What’s a house got to do with it?

Most of us remember the nuances of the houses we grew up in. We know the nooks and crannies, and the sounds the house makes when it settles and groans. We know the clicking noise of the furnace kicking in, the whistling sound of the wind blowing through the windows, and how the gate slams as someone makes their way to the door. We can trust our way in the dark during power outages or to sneak food from the refrigerator at midnight because we know where the furniture is and where the stairs begin and end.

I lived in three different houses growing up, the first two in Michigan and the third in Minnesota. Each move brought more carpeting.  I lost the early warning system that wooden floors and creaky steps gave me as the carpet grew wall-to-wall.

The first nine years of my life I lived in Grant. I remember everything about that house. I could draw it in great detail; actually, I could draw all three houses in great detail. I liked this house the best, not only because the floors and stairs were wooden and creaky, but because I shared it with all my siblings at the same time. My parent’s attention was divided between the four of us children. When I was nine and we moved to the suburbs, the attention shifted away from my siblings and the spotlight fell directly on me.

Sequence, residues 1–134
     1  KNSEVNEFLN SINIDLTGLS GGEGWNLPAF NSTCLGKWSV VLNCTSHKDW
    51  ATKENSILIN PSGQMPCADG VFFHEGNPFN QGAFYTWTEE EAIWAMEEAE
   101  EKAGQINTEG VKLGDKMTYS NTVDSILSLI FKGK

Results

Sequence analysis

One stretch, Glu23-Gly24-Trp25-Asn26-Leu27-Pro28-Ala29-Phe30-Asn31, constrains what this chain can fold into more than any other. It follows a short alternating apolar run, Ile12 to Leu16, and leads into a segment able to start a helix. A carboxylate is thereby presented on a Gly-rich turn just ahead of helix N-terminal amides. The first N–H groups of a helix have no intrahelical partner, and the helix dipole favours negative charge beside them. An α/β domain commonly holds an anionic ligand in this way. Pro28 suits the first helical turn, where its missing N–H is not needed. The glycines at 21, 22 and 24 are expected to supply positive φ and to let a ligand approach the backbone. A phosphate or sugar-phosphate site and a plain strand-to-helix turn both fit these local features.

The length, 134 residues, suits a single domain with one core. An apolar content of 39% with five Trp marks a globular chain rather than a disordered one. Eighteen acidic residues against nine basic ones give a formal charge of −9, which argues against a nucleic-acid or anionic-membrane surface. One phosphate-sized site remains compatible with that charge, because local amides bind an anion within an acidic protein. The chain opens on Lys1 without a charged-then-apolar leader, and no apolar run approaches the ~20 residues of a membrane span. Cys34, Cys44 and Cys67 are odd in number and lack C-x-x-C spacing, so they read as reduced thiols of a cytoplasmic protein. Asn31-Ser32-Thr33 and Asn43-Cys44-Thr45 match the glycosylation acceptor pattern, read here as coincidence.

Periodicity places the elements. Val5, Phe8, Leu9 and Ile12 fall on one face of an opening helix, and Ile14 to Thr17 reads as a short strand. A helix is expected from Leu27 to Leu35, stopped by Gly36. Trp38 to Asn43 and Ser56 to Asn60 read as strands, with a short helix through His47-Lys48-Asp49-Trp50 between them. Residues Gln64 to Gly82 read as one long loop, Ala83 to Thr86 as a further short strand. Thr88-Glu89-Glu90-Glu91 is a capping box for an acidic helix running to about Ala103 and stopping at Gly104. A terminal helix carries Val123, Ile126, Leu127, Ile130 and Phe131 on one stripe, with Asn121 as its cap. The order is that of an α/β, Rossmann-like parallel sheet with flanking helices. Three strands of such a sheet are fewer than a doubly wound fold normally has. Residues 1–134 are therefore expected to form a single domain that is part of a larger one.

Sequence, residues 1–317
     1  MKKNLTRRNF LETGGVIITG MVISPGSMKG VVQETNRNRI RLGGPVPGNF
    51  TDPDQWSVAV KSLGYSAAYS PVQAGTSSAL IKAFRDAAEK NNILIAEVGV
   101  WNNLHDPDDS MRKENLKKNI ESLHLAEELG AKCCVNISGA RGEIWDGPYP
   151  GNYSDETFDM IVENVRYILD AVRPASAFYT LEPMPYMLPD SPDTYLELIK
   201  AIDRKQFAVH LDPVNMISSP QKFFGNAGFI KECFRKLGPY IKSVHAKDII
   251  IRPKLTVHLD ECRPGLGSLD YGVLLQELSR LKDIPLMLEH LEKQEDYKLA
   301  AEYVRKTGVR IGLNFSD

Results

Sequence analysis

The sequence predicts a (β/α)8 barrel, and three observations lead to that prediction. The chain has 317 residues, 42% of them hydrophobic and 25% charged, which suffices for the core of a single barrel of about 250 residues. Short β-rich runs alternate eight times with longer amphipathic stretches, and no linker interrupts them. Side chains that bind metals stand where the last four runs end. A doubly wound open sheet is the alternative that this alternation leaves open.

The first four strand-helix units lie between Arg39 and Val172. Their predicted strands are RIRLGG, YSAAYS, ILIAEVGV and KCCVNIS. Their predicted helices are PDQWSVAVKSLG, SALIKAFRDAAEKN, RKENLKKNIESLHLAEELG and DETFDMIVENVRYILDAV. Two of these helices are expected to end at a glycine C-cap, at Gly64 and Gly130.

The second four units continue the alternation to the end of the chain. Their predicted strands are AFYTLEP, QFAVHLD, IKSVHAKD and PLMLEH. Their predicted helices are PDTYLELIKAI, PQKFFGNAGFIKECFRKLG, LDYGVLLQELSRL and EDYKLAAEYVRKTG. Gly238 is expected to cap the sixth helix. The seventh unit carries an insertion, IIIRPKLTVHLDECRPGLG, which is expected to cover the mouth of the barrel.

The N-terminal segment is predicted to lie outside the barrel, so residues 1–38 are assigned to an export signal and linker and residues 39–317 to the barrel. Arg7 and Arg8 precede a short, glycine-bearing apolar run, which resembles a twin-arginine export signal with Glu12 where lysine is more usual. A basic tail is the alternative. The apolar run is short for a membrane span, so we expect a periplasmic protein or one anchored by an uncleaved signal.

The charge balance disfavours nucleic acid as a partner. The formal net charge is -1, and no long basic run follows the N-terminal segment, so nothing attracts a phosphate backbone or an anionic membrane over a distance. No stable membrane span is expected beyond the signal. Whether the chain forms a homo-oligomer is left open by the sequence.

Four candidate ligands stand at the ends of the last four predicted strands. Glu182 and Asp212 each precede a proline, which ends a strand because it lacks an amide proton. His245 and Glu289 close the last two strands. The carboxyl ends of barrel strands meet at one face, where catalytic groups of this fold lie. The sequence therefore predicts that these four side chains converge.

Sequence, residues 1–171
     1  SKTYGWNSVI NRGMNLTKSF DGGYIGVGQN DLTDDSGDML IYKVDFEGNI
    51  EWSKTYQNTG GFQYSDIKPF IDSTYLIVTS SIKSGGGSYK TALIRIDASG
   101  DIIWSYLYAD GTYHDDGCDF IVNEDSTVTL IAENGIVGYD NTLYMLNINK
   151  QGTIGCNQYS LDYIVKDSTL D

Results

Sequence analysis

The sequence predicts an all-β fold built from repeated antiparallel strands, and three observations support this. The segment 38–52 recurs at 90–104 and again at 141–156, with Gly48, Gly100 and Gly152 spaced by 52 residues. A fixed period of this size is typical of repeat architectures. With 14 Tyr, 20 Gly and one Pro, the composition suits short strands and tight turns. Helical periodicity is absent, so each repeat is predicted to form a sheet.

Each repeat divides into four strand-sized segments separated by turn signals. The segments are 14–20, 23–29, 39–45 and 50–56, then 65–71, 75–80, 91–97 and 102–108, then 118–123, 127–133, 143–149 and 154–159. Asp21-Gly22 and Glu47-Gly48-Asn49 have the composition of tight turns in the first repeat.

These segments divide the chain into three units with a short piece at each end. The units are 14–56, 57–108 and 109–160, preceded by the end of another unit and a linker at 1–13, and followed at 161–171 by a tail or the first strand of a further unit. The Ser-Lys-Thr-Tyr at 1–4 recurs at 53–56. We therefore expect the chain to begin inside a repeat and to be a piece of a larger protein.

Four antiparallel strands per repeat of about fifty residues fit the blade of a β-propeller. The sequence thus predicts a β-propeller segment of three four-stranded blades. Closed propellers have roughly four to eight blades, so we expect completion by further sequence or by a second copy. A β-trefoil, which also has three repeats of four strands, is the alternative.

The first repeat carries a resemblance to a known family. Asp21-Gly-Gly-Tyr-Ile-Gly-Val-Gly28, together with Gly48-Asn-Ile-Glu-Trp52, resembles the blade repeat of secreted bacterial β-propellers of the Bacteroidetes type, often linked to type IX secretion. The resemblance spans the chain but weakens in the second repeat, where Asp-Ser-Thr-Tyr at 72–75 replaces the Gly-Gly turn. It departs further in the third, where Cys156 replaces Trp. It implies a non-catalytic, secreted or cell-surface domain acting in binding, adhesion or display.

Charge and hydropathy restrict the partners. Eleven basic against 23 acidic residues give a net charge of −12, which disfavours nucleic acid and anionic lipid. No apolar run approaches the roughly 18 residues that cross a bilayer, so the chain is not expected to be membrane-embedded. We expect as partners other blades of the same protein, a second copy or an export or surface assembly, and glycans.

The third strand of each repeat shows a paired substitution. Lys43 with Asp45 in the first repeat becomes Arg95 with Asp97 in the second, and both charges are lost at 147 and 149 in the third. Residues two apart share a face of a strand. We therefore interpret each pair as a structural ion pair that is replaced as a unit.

Inside that first house, my bedroom was my refuge because of the windows. My sister and I had beds beneath the two windows looking out towards the front of the house. There was another window with a window-seat on the side of the room that faced the neighbor’s house. During the day, I would sit on the window-seat and read. Most nights as I lay in bed, I would turn my head towards that same window and imagine fire consuming the side of the neighbor’s house; intense bright orange flames licking high into the air. I was young but I was already finding ways to externalize the pain that was coursing through my body.

The living room was large and filled with gray furniture covered in thick plastic that you stuck to in the summer and froze on in the winter. The dining room had a fireplace along one wall, double glass doors leading to a porch, and a swinging door leading into the kitchen. That swinging door would make an earsplitting banging sound when an angry parent would smack it open when coming into or going out of the dining room. The kitchen had ugly dark green linoleum and two steps leading from it that either led you outside or if you turned right, led you down a steep set of stairs into the basement. The basement had a large room where the boys would use their wood burning sets and a corner where my father had his easel set up, a place where he would draw charcoal portraits of the family and neighbors.

Aside from the linoleum in the kitchen and the concrete of the basement, the rest of the house had hardwood floors and stairs. A few area rugs covered the center of the rooms but they did nothing to mask the sound of people walking or climbing the stairs.

The backyard seemed huge to me as a little girl.  We had a few apple trees, cattails growing behind the garage, and a round swimming pool. I remember the wild raspberries that grew against the chain link fence.